• DIGITAL CURATION Theo Kuechel
  • DIGITAL CURATION Theo Kuechel
  • 1. identify quality content2. collect & curate the content3. annotate and add value through tags, descriptions and links4. publish & Share using any of the readily available online curation platforms5. promote through social media and networks discover new educational resources and practice discover resources created by other teachers and students share resources discovered by teachers and students form new relationships with colleagues and peers build communities on subject or topic expertise curation becomes a strand of digital literacy and competence  
  • Scoop.it
  • Scoop.it Video for Learning
  • PINTEREST http://pinterest.com/theok2/https://docs.google.com/spreadsheet/ccc?key=0AiKmE2TeR4oLdHFqcGRCaTZUamNxWGpVSG01SGtUZVE#gid=0
  • PINTEREST http://pinterest.com/theok2/https://docs.google.com/spreadsheet/ccc?key=0AiKmE2TeR4oLdHFqcGRCaTZUamNxWGpVSG01SGtUZVE#gid=0
  • PINTEREST http://pinterest.com/theok2/https://docs.google.com/spreadsheet/ccc?key=0AiKmE2TeR4oLdHFqcGRCaTZUamNxWGpVSG01SGtUZVE#gid=0
  • PINTEREST http://pinterest.com/theok2/https://docs.google.com/spreadsheet/ccc?key=0AiKmE2TeR4oLdHFqcGRCaTZUamNxWGpVSG01SGtUZVE#gid=0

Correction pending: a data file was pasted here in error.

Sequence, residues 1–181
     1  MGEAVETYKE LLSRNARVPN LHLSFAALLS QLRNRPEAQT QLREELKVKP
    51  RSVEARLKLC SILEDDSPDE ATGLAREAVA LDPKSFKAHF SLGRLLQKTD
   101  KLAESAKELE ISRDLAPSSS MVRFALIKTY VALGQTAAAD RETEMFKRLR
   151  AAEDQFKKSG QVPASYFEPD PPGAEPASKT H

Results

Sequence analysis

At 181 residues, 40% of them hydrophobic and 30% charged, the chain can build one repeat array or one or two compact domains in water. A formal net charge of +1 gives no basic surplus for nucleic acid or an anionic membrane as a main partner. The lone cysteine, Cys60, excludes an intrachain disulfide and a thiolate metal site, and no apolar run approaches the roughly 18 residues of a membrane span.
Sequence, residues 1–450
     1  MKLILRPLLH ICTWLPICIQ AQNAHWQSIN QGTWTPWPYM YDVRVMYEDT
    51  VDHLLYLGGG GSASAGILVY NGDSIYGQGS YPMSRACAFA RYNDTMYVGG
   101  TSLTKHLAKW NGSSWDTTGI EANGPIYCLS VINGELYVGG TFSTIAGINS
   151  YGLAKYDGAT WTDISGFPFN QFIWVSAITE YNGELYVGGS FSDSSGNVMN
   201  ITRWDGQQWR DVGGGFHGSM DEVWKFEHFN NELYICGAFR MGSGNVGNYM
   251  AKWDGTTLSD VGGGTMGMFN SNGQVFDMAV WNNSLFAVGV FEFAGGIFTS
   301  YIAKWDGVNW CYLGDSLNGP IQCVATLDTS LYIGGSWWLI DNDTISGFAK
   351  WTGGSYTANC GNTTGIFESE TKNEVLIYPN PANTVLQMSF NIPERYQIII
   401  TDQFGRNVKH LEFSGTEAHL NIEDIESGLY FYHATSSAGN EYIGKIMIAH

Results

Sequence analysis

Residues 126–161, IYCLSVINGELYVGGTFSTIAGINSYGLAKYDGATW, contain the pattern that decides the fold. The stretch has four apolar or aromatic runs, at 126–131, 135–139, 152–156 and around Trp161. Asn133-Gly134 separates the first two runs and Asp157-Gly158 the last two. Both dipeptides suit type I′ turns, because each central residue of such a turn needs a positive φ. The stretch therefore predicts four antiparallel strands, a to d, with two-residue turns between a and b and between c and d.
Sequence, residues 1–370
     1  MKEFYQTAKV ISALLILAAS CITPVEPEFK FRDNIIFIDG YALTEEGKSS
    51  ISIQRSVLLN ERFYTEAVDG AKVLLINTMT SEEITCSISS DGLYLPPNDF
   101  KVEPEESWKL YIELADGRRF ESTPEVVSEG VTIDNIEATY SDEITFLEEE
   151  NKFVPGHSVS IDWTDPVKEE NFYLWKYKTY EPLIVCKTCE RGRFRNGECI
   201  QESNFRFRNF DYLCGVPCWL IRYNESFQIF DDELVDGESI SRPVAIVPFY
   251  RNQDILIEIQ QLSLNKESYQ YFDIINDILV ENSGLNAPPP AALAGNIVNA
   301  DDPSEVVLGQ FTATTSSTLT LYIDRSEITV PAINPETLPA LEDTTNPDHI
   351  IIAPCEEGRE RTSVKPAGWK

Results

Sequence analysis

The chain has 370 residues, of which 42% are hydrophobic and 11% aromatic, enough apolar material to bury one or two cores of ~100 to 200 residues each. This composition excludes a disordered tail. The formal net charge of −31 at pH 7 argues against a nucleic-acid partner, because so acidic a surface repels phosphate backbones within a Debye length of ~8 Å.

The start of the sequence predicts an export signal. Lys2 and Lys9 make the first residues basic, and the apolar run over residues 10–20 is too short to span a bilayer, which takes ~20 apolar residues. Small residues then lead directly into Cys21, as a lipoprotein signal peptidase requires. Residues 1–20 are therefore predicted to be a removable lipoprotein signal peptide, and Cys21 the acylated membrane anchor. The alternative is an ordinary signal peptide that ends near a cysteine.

• PINTEREST http://pinterest.com/theok2/https://docs.google.com/spreadsheet/ccc?key=0AiKmE2TeR4oLdHFqcGRCaTZUamNxWGpVSG01SGtUZVE#gid=0
  • PINTEREST http://pinterest.com/theok2/https://docs.google.com/spreadsheet/ccc?key=0AiKmE2TeR4oLdHFqcGRCaTZUamNxWGpVSG01SGtUZVE#gid=0
  • PINTEREST http://pinterest.com/theok2/https://docs.google.com/spreadsheet/ccc?key=0AiKmE2TeR4oLdHFqcGRCaTZUamNxWGpVSG01SGtUZVE#gid=0
  • PINTEREST http://pinterest.com/theok2/https://docs.google.com/spreadsheet/ccc?key=0AiKmE2TeR4oLdHFqcGRCaTZUamNxWGpVSG01SGtUZVE#gid=0
  • PINTEREST http://pinterest.com/theok2/https://docs.google.com/spreadsheet/ccc?key=0AiKmE2TeR4oLdHFqcGRCaTZUamNxWGpVSG01SGtUZVE#gid=0
  • PINTEREST http://pinterest.com/theok2/https://docs.google.com/spreadsheet/ccc?key=0AiKmE2TeR4oLdHFqcGRCaTZUamNxWGpVSG01SGtUZVE#gid=0
  • YouTube VIDEO MANAGER Subscriptions Playlists/Fav’s Video Editor Video Manager History
  • VIDQUE Vidque
  • EDMEDIASHARE
  • Other Tools
  • Other Tools
  • Other Tools
  • Other Tools
  • Other Tools
  • Other Tools
  • Other Tools
  • Other Tools
  • Schools Digital CurationProject Wiki
  • John Sayers Spencer Ayers
  • Ant Heald Ant Heald
  • Gideon Williams Gideon Williams
  • The Missing Essential Part Conversation
  • The Missing Essential Part Conversation
  • John Sayers
  • John Sayers
  • THE FUTURE http://blog.fueledbycoffee.com/tagged/sxswcurate Craighton Berman
  • THE FUTURE http://blog.fueledbycoffee.com/tagged/sxswcurate Craighton Berman
  • InfoThank You Theo Kuechel
  • Infom. theo.kuechel@gmail.comt. @theokkG+ theo kuechelSkype. theokkScoop.it Video for LearningBlog. DigitalSignPostsProject. http://sdcp.wikispaces.com/Thank YouImage Credits:Slide #1 Endless forms most Beautiful CC-BY-NC http://www.flickr.com/photos/13964815@N00Slide #2 JeanineAnderson BY-NC-ND http://www.flickr.com/photos/jeanineanderson/Slide #16 Leo Reynolds BY-NC-SA http://www.flickr.com/photos/lwr/1934268258/ Theo Kuechel